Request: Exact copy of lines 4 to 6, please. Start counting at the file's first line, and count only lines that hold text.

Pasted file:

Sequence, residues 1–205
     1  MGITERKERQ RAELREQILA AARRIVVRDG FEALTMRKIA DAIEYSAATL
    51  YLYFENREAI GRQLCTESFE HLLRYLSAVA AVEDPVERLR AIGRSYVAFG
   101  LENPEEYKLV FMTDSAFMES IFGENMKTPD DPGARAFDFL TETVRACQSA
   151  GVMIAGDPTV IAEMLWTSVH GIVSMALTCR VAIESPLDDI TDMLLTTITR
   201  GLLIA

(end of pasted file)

   101  LENPEEYKLV FMTDSAFMES IFGENMKTPD DPGARAFDFL TETVRACQSA
   151  GVMIAGDPTV IAEMLWTSVH GIVSMALTCR VAIESPLDDI TDMLLTTITR
   201  GLLIA